How Does a Developmental Perspective Inform Us About the Early Natural History of Bipolar Disorder?

How does a Developmental Perspective inform us about the early Natural History of Bipolar Disorder?

Filed under: Depression Treatment

J Can Acad Child Adolesc Psychiatry. 2013 Feb; 22(1): 6-12
Duffy A, Carlson GA

The focus of this paper is to explore how a developmental perspective can advance understanding of the clinical trajectory into bipolar disorder (BD) and clarify controversies regarding the diagnosis in youth.In this selective review, we focus on findings from longitudinal studies of general population and high-risk pediatric cohorts in order to inform our understanding of the development of BD in youth. Also highlighted are related aspects of the debate about the diagnosis in young children and a discussion of the implications of the findings for advancing early detection and intervention clinical and research efforts.Evidence overwhelmingly suggests that BD typically onsets in adolescence and early adulthood, with the depressive polarity of the illness dominating the early course. Non-specific childhood antecedents have been noted in some high-risk individuals. However, in youth without a confirmed familial risk of BD, manic-like symptoms have little prognostic significance for BD and not uncommonly form part of the normative adolescent experience. Over-emphasis of symptoms and reliance on parent report alone, alongside the relative neglect of the child’s developmental stage and risk profile, contributes to the over diagnosis in young children and under recognition of BD early in the clinical course.Longitudinal population and high-risk studies over development have made major contributions to our understanding of the early natural history of BD in youth. Implications call for a different diagnostic approach to facilitate accurate identification of youth in the early clinical stages of psychiatric disorders and to differentiate between the emerging illness trajectories and transient normative symptoms in childhood and adolescence.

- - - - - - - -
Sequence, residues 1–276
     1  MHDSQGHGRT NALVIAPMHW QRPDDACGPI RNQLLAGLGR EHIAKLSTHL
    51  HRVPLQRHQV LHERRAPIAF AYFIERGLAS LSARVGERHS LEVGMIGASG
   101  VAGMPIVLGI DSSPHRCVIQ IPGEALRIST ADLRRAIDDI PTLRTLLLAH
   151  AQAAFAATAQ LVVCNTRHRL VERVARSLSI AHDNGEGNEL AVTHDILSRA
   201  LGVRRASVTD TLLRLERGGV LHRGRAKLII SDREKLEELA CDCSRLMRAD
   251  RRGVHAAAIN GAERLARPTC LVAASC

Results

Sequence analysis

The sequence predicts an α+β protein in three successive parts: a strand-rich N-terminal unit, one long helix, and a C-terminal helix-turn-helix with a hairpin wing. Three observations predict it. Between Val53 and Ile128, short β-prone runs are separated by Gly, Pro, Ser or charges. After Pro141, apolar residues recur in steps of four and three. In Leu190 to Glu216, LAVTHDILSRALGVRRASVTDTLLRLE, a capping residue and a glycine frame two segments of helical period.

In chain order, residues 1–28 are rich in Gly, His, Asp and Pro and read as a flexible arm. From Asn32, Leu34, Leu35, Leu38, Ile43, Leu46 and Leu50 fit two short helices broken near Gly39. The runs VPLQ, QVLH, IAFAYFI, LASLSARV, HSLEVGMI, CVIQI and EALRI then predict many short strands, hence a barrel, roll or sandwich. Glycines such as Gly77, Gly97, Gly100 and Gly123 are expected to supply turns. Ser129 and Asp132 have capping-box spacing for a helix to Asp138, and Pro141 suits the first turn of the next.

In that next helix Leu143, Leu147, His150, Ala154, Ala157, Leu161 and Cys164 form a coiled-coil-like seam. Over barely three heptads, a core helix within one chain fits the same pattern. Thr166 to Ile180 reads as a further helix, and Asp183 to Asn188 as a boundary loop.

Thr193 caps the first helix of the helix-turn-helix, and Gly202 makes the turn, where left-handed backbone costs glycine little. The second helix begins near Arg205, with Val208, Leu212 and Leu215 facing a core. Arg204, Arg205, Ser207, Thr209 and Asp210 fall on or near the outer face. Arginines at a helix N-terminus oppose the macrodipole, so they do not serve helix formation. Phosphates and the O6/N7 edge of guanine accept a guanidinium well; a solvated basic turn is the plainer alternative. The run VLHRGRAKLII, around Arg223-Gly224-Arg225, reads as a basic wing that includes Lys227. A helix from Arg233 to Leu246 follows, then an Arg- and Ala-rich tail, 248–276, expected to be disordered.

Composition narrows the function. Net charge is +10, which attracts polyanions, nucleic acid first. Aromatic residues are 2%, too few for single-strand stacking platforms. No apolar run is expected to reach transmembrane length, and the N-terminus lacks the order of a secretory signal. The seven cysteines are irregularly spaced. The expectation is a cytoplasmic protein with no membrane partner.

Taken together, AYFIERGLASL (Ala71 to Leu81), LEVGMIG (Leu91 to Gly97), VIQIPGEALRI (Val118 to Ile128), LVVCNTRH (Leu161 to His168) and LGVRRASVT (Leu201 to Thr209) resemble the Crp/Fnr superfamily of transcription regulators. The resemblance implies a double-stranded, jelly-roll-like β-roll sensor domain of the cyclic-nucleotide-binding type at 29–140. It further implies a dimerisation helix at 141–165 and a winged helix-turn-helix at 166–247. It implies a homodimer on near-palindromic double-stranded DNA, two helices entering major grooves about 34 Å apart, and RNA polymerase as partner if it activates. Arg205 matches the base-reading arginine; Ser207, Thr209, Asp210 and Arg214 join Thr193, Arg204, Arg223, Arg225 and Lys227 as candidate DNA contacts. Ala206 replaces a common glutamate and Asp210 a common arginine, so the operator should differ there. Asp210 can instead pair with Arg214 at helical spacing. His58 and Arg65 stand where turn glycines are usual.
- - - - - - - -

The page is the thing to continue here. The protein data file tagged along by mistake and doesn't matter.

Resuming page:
HubMed – depression


Cognitive function affects trainability for physical performance in exercise intervention among older adults with mild cognitive impairment.

Filed under: Depression Treatment

Clin Interv Aging. 2013; 8: 97-102
Uemura K, Shimada H, Makizako H, Doi T, Yoshida D, Tsutsumimoto K, Anan Y, Suzuki T